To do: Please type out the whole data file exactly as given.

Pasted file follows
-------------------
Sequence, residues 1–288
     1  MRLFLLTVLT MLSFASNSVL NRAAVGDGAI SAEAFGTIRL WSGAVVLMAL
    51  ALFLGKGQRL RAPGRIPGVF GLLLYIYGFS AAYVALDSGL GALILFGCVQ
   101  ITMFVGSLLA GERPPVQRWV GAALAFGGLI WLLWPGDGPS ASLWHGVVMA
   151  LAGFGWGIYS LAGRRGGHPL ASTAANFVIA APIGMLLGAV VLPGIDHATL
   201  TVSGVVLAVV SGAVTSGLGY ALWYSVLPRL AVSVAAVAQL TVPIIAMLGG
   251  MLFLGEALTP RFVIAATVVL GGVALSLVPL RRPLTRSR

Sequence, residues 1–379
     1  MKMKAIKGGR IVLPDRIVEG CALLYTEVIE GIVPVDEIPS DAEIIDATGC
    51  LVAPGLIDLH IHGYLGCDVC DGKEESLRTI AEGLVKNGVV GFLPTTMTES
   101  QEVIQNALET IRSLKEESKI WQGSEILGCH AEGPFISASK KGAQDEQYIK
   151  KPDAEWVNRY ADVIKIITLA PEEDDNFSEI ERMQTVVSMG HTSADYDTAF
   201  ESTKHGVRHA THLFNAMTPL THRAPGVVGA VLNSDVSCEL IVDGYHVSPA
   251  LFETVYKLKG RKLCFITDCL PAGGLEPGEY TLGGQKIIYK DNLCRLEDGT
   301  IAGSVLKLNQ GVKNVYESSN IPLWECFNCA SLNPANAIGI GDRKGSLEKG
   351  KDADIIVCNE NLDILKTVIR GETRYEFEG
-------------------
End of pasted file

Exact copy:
Sequence, residues 1–288
     1  MRLFLLTVLT MLSFASNSVL NRAAVGDGAI SAEAFGTIRL WSGAVVLMAL
    51  ALFLGKGQRL RAPGRIPGVF GLLLYIYGFS AAYVALDSGL GALILFGCVQ
   101  ITMFVGSLLA GERPPVQRWV GAALAFGGLI WLLWPGDGPS ASLWHGVVMA
   151  LAGFGWGIYS LAGRRGGHPL ASTAANFVIA APIGMLLGAV VLPGIDHATL
   201  TVSGVVLAVV SGAVTSGLGY ALWYSVLPRL AVSVAAVAQL TVPIIAMLGG
   251  MLFLGEALTP RFVIAATVVL GGVALSLVPL RRPLTRSR

Sequence, residues 1–379
     1  MKMKAIKGGR IVLPDRIVEG CALLYTEVIE GIVPVDEIPS DAEIIDATGC
    51  LVAPGLIDLH IHGYLGCDVC DGKEESLRTI AEGLVKNGVV GFLPTTMTES
   101  QEVIQNALET IRSLKEESKI WQGSEILGCH AEGPFISASK KGAQDEQYIK
   151  KPDAEWVNRY ADVIKIITLA PEEDDNFSEI ERMQTVVSMG HTSADYDTAF
   201  ESTKHGVRHA THLFNAMTPL THRAPGVVGA VLNSDVSCEL IVDGYHVSPA
   251  LFETVYKLKG RKLCFITDCL PAGGLEPGEY TLGGQKIIYK DNLCRLEDGT
   301  IAGSVLKLNQ GVKNVYESSN IPLWECFNCA SLNPANAIGI GDRKGSLEKG
   351  KDADIIVCNE NLDILKTVIR GETRYEFEG